The National Institute for the History of the Liberation Movement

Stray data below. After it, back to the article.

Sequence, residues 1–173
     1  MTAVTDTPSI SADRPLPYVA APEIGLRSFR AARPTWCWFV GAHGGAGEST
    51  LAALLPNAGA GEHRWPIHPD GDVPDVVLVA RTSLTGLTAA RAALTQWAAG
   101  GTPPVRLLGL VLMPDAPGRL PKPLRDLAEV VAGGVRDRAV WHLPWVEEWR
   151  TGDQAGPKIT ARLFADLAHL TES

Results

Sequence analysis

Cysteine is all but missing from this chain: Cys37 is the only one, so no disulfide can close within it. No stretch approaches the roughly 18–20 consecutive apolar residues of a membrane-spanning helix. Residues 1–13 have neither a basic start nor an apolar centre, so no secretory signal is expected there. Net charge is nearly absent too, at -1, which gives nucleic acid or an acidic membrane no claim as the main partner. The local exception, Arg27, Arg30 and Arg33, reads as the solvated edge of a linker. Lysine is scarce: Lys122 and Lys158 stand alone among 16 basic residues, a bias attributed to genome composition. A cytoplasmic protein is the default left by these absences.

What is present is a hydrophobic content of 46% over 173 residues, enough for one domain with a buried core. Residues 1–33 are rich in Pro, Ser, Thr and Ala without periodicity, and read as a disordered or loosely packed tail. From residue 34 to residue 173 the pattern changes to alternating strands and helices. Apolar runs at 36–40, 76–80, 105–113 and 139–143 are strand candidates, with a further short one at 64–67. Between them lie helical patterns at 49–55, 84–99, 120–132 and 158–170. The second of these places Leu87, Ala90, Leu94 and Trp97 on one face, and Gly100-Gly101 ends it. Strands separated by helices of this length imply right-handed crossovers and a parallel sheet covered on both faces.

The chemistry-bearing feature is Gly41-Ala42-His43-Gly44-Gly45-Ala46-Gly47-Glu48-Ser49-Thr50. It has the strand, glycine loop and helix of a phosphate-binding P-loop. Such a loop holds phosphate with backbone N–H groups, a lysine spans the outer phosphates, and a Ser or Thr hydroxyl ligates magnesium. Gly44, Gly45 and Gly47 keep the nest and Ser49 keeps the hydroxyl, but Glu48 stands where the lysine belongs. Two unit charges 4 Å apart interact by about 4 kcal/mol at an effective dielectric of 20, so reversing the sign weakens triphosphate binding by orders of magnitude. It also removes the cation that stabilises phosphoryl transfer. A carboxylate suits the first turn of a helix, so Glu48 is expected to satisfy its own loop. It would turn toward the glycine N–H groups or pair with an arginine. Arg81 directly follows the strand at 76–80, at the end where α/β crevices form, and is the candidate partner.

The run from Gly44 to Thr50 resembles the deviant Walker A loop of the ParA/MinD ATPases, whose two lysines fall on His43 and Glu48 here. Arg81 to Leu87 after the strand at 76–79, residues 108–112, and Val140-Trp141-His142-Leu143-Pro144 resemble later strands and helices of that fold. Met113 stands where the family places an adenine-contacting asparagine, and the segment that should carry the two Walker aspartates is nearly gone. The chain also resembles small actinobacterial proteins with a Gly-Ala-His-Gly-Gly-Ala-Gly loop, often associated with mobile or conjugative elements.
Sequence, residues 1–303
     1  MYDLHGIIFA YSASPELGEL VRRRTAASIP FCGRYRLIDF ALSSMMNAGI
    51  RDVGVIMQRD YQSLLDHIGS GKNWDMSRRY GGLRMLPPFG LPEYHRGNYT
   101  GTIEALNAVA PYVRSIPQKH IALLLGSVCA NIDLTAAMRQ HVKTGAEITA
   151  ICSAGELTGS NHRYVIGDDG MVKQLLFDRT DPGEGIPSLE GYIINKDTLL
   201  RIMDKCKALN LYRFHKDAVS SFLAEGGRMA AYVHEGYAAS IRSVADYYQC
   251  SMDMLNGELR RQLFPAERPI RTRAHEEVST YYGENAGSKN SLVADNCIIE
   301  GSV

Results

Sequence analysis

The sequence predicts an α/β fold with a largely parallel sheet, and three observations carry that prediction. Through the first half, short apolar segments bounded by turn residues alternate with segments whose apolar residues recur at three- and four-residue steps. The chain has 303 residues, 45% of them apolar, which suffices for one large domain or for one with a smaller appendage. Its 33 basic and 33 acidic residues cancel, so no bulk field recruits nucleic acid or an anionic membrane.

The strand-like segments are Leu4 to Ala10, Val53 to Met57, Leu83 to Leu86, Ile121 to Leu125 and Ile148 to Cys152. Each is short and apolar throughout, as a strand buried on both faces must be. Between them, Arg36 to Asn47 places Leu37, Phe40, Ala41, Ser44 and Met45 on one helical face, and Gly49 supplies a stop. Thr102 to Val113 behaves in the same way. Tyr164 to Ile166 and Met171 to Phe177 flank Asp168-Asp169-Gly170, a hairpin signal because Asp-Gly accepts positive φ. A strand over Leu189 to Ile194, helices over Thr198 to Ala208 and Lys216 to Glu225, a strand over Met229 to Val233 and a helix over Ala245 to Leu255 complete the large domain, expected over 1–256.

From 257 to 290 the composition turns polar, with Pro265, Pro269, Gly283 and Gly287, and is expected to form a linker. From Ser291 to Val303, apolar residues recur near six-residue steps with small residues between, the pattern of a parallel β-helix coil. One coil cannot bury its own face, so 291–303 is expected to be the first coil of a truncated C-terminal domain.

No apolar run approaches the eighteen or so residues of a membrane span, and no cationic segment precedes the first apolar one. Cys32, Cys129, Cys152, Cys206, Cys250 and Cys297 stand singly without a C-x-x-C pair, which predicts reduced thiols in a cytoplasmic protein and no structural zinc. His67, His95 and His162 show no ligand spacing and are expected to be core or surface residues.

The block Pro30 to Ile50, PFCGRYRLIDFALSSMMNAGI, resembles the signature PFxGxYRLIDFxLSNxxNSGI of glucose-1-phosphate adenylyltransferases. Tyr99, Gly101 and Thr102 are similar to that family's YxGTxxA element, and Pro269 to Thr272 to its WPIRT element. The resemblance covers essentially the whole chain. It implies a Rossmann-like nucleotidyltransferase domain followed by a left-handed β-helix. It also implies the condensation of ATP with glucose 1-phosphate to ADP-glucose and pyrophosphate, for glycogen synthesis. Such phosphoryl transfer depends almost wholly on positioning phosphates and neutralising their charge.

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The National Institute for the History of the Liberation Movement in Italy and the Historical Institutes of the Resistance and the Contemporary Period by Gabriella Solaro "The National Institute for the History of the Liberation Movement in Italy ... proposes to ensure the most complete and ordered documentation of that movement from its antifascist origins to the Liberation and to promote historical study of it and knowledge of it in the context of a more general consideration of the history of fascism and of contemporary Italy." Article n. 1 of the Charter explicates the objectives pursued by the National Institute since its founding, and later adopted by all the historical Institutes of the Resistance established in the following years1. In the aftermath of the Liberation, those who had fought in the ranks of the partisans and, among them, the founders of the first Institutes were concerned that the papers of the Resistance not be lost. Their concern was to guarantee not only their collection but also their consultability, moving quickly to their archival cataloguing. In this sense, the Historic Institutes of the Resistance offered ample guarantees; and the authorization, issued by the Superior Council of the State Archives in July of 19482, to detain the papers of the CLNs and of the other political and military groups opened the doors to a collecting and organizing project that would continue for some decades. The collection of the papers brought excellent results, evidenced by the fact that the documentation currently conserved in the archives of the Institutes covers with great breadth the story of the partisan war. Moreover, the concern for encouraging historical study, and not only of the clandestine period, entailed a constant effort to guarantee free access to the papers, looking after the reporting and publication of the source lists, their arrangement, and the publication of inventories and guides3. Currently, the archival holdings of the network cover the temporal arc of the twentieth century and a vast range of interests. The original historical core of documentation consists of the archives produced by the Committees of National Liberation, by the political parties and movements, by the union movements, and by the partisan military formations in the three years stretching from 8 September 1943 to the proclamation of the Italian Republic in 1946. The diverse institutions of the liberation movement then added, to their own archives, various parts of the archives of the defunct administrations of the RSI and of German offices, as well as a significant quantity of papers produced by the Allied authorities, at least up to December of 19454. This resulted in a considerable and unique set of rare documents, many of which are sole copies to have survived the events of the clandestine period. The collection is particularly impressive in Lombardy, Piedmont, and Emilia in the north; in Tuscany in the center; and in Campania in the South and represents a privileged source for research into national and international political history and for reconstructing the transition from war to peace in its social, political, and economic aspects. Beside this collection have grown others, specific to the period between the two world wars, that comprise archives of the exponents of fascism, of antifascism, of culture, journalism and diplomacy, and the archives of organizations and associations of political, charitable, economic, and cultural character. To the coeval documentation was added a considerable amount of material created through the collection of oral histories and autobiographical writings by political and union militants and by common people on the experience of the war. Beginning in the 1960s the territorial expansion of the network, which in many regions covered all the provinces, conferred on the National Institute and its associated institutes a function supplementary to that of the public archives in rescuing the heritage of individuals, associations, and political organizations. A first occasion was offered by the archive of the student movements and of the extra-parliamentary left that the Institutes of the network had gathered in a systematic way throughout the nation. This documentation which covered the chronological arc from 1960 to the 1990s and which was accompanied by large collections of flyers and grey material, represented at the time a significant part of the documentation of many Institutes (Asti, Belluno, Bergamo, Cagliari, Como, Cuneo, Imola, Insmli, Novara, Roma, Pavia, Piacenza, Napoli, Ravenna, Sesto S. Giovanni, Trento, Treviso). Then, from the end of the 1980s, the profound transformation of the national political system, along with the economic crises of various union organizations, and the dismantling of the country's industrial enterprises exposed enormous quantities of historically relevant documents to risk of dispersion, and the Institutes, though unequal in strength and structure, intervened in a rescue mission that is expected to continue even in the coming years. A vast framework of documentation has emerged that includes -- taking the documentation of the political parties as an example -- the collection in the respective provincial Institutes of the archives of the Communist Party of Asti, Belluno, Borgosesia, Borgomanero, Como, Cosenza, Cuneo, Ferrara, Grosseto, Lucca, Mantua, Milan, Massa Carrara, Modena, Pavia, Pesaro, Piacenza, Rimini, Turin, Trento, Treviso, Udine, Venice; of the Communist Party of Italy of Udine; of the Communist Marxist-Leninist Party of Florence; of the Liberal Party of Turin and of Trentino (1920-1925), of the Christian Democracy of Mantua and of Pavia; of the Republican Party of Imola; of the Socialist Party of the Proletariat Unity of Udine and of Piacenza; of the Socialist Party of Ancona, Ascoli Piceno, Carpi, Cosenza, Cuneo, Modena, Pavia, Rimini, Trento e Udine; of the Social-Democratic Party of Cuneo, of the Unified Socialist Party of Florence; of the Proletarian Democracy of Cuneo, of Milan, of Sesto San Giovanni, and of Trento, of the Manifesto-PDUP of Novara, of the FGCI of Reggio Emilia and of Sesto San Giovanni, of the Movement of Proletarian Unity of Modena, of the papers of the anarchy movements of Ferrara and of Modena, and of the Italian Monarchic Union of Pesaro. A lesser number of deposits, but very relevant for their substance and importance is the documentation relative to the union organizations whose papers, from the post-war period through to the 1990s, are gathered in the Institutes of Ancona (Federterra), Asti (Cdl), Bologna (Confederterra), Ferrara (Cgil), Florence (Federterra reg.), Mantua (Cgil e Fiom), Modena (Cgil), Novara (Cdl), Pavia (Cisl), Pesaro (Cgil Confederterra), Piacenza (Cdl), and Venice (Cdl e Filcea)5. Add to this the documentation of the cooperative movements with the Archives of the Cooperation of Como, of the Federcoop of Pistoia, of the Imolese Cooperative League of Imola, of le buste sulla cooperazione of Ferrara, of Mantova, and of Modena, the archives of cultural institutions, of associations of veterans, women, Catholics, and anti- militarists, etc. Finally, some Institutes have recently distinguished themselves by acquiring the documentation of defunct industrial enterprises -- among these the Institute of Sesto San Giovanni in which has been deposited the archives of Breda, Ercole Marelli, Riva e Calzoni, Bastogi, and Falck; the Institute of Naples for Italsider; and the Institute of Pavia which has acquired the archive of Necchi. This brief and schematic classification of the documentation illustrates only a few of the themes and types of documents which can be consulted in the Historic Institutes of the Resistance, but does not account for the breadth of themes represented in the various documentary centers. In short, one can point out that among the various spheres of interest are also present the Catholic movement and its organizations (in particular FUCI, Catholic Action, and ACLI)6, the League of Conscientious Objectors, the documentation on the bombings of the 1970s and 1980s, on the anti-partisan persecution and the activity of the Committees of Democratic Solidarity, on the peasant movement, the occupation of the land and agrarian reform. The charts that follow are intended to offer a useful instrument for familiarizing oneself with the archival heritage conserved by the various Institutes of the network7. The charts display in a concise form the principal resources of each Institute, indicating their chronological coverage, their substance, and any publications of the inventories. Some of the charts, those pertaining to the oldest Institutes with the largest collections, required a more analytical form that could better illustrate the possibilities offered to research and study by the documentation. The description of the sources indicated in the charts is consultable in the Guide to the Archives of the Historical Institutes of the Resistance at the network's website (www.italia-liberazione.it) where the archival data bases are kept8. Notes 1. The National Institute, founded in 1949, absorbed as associates the pre-existent Institutes of Turin and Genoa and then promoted the establishment of other Institutes around the country. Currently, the network of Historical Institutes of the Resistance consists of 65 regional or provincial Institutes. Refer to Gaetano Grassi, "L'Istituto nazionale per la storia del movimento di liberazione in Italia," in this same volume. 2. A broad survey of problems connected to the laws regarding the holding of the Resistance heritage was mapped out by Giovanni De Luna in the article, "Tre generazioni di storici. L'Istituto per la storia della Resistenza in Piemonte 1947-1987," in Italia contemporanea, September 1988, n. 172, pp. 53-77. 3. The journal of the National Institute, Il Movimento di liberazione in Italia, published, from the first issue in 1949, an archival review which defended the Institutes' acquisitions and offered a first inventory of the holdings. The following volumes have also been published: Gaetano Grassi (editor), Guida sommaria agli archivi degli istituti di storia della Resistenza, Milan, Insmli, 1974; Gaetano Grassi (editor), Guida agli archivi della Resistenza, Preface by Guido Quazza, Rome, Ministry for Cultural and Environmental Assets, Central Office for Archival Assets, Publication of the State Archives, Strumenti IC, Rome, 1983, pp. XV, 974; Paolo De Marco, Maria Teresa Di Paola, Francesca Ferratini Tosi et al. (editor), "Guida alle fonti anglo-americane 1940-1950," monographic issue of Notizie e documenti, n. 8, 1981, pp. 110; Anagrafe Archivi, Notizie e documenti n. 2, n. s., in Italia contemporanea, n. 170, pp. 53-71; Anagrafe Archivi, Notizie e documenti n. 6, n. s., in Italia contemporanea, n. 189, pp. 7-36. The database of paper and photographic archives of the Historical Institutes of the Resistance can be consulted on the web site www.insmli.it. 4. Both the Anglo-American sources and those pertaining to the German administration were supplemented through successive research campaigns and acquisition of copies in Washington, London, Coblenza, and Friburgo. 5. On the union archives, refer to Claudio Dellavalle, "Gli archivi sindacali," in this same volume. 6. Extraordinary, compared to the rest of the documentation, is the acquisition of the heritage of the Cistercian Community of Tolentino (1800-1980; bb. 10) by the Institute of Macerata. 7. The Institutes are presented proceeding from north towards south and from west towards east. The National Institute precedes the others and the regional Institutes precede their respective provincial Institutes. 8. In 1997, work was begun to computerize the archival descriptions of the Institutes of the network. The program used for this computerization is CDS/ISIS, provided by UNESCO. "Guida" and "Foto" have been created for the paper and photographic archives, respectively.